14.2 Impact of Aerosol Vertical Distribution on Satellite-Retrieved Aerosol Products

Thursday, 16 January 2020: 1:45 PM
259A (Boston Convention and Exhibition Center)
Chong Li, Peking Univ., Beijing, China; and J. Li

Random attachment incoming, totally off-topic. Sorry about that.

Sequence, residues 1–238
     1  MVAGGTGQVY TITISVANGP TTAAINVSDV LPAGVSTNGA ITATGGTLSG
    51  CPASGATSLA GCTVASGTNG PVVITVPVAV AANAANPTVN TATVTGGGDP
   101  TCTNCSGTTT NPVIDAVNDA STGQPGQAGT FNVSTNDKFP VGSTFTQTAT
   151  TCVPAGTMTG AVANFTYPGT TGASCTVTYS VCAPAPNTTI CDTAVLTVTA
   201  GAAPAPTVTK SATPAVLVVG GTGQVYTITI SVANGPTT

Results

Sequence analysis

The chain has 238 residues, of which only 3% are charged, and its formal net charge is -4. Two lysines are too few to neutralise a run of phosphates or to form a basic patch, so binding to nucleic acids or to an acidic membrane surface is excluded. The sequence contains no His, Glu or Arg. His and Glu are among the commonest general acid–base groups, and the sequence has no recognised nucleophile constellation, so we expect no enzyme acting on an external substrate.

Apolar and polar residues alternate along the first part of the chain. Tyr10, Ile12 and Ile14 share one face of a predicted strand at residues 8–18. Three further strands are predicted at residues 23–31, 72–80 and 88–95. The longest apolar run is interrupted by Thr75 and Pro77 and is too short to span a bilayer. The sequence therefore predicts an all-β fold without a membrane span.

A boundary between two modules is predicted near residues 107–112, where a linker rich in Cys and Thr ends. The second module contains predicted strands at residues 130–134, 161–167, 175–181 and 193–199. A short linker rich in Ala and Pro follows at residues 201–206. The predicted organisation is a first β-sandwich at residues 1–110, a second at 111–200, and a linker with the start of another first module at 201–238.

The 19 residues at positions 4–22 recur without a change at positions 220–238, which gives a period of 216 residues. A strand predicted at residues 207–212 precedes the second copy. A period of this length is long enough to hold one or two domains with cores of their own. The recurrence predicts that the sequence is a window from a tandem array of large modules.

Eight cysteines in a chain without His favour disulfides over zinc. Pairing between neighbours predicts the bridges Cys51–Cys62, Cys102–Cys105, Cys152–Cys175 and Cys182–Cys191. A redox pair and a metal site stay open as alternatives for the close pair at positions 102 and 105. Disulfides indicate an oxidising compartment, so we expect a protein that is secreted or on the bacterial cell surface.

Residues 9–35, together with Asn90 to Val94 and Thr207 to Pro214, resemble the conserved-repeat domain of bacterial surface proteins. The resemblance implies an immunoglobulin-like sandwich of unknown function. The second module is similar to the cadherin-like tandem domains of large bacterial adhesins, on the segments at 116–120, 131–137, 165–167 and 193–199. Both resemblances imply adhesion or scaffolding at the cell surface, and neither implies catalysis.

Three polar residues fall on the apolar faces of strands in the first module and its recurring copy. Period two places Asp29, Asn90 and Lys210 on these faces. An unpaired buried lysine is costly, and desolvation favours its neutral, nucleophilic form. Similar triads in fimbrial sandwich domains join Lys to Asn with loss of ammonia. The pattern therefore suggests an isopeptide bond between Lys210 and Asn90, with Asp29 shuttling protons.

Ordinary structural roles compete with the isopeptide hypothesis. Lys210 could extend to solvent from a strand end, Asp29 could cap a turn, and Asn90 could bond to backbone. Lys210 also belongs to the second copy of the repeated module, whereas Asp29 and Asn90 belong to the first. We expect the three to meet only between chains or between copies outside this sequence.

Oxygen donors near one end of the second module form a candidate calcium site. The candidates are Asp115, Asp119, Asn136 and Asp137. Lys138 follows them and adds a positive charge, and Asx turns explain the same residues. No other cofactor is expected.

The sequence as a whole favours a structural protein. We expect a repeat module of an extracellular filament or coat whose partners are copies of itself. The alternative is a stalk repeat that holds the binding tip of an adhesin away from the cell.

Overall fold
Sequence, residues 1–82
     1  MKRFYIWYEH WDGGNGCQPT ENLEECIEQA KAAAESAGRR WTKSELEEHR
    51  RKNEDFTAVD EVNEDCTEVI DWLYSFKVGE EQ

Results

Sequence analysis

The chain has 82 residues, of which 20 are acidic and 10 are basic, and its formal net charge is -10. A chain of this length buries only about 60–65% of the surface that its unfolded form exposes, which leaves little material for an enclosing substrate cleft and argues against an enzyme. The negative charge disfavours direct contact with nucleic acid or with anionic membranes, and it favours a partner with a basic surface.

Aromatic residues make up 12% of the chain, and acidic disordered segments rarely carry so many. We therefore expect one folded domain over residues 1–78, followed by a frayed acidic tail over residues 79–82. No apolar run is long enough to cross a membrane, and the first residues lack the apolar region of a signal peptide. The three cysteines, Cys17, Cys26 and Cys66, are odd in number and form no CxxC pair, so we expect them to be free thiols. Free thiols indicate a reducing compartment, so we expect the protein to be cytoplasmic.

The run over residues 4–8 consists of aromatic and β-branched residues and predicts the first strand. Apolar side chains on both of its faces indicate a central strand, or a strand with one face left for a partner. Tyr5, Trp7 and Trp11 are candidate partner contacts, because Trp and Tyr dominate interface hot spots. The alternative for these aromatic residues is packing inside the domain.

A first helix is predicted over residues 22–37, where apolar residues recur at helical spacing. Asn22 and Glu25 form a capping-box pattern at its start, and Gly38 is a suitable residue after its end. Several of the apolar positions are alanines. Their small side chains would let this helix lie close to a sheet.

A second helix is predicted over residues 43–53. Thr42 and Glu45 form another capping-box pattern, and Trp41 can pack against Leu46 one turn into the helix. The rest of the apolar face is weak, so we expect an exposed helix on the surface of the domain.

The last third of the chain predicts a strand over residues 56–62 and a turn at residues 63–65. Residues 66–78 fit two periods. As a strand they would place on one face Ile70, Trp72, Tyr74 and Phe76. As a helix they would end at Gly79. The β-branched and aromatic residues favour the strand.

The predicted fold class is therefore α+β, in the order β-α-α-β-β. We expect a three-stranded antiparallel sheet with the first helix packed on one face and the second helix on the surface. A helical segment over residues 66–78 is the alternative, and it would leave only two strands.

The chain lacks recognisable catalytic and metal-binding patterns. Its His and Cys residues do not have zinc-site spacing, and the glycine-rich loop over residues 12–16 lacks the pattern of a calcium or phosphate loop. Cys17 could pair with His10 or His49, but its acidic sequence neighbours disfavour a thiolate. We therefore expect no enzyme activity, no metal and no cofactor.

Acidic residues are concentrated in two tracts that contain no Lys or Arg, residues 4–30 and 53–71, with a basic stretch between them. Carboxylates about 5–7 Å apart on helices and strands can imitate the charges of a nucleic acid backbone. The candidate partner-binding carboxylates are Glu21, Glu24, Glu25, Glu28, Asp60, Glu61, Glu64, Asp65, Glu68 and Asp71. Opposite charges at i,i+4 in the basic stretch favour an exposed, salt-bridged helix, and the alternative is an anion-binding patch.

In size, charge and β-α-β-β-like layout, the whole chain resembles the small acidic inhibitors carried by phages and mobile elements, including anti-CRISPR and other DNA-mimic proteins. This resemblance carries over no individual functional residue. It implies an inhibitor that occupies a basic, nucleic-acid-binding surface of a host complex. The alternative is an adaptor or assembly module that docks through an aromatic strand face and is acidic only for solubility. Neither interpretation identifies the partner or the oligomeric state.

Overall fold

Till now, a number of remote sensing instruments have been providing aerosol datasets, such as historical sensors like Advanced Very High Resolution Radiometer (AVHRR), and modern sensors like Moderate Resolution Imaging Spectrometer (MODIS) and Visible Infrared Imaging Radiometer (VIIRS). Previous studies have found that the retrieved aerosol properties can have large bias especially in China, which is a densely-populated, heavily-polluted region in East Asia. This is mainly due to the uncertainties in the retrieval algorithm, such as surface reflectance parameterization, aerosol type assumption, aerosol vertical distribution and cloud screening strategy. In this study, we investigate the uncertainties associated with aerosol vertical distribution. We use the Second Simulation of the Satellite Signal in the Solar Spectrum (6S) atmospheric radiative transfer model to set up experiments and discuss the sensitivity of AOD error to the scale heights of aerosols by assuming three representative aerosol types, namely scattering fine particles, absorbing fine particles and dust. We also explore the effects of boundary layer in the AOD retrieval errors. The results show that AOD error is most sensitive to scale height for fine absorbing aerosols: ±1km scale height error can lead to ~40% AOD retrieval error. And the sign of AOD bias can change from negative to positive with increasing surface albedo. Also, ignoring the boundary layer can result in ~10% AOD error. After replacing the default aerosol scale heights with those calculated from lidar observations, we found that the accuracy of retrieved AOD greatly improved over North China, especially during the winter season when aerosol absorption is strongest. Furthermore, we explored the impact of diurnal change of aerosol vertical distribution on geostationary satellite retrieval. Our results show that with the development of the planetary boundary layer, the aerosol scale height can vary largely over the course of a day. If this effect is not taken into account, the retrieved AOD diurnal cycle can be significantly off or even reversed. Our study highlights the necessity of improving the aerosol vertical profiles in satellite retrieval algorithms, and the importance of 3 dimensional aerosol observation.
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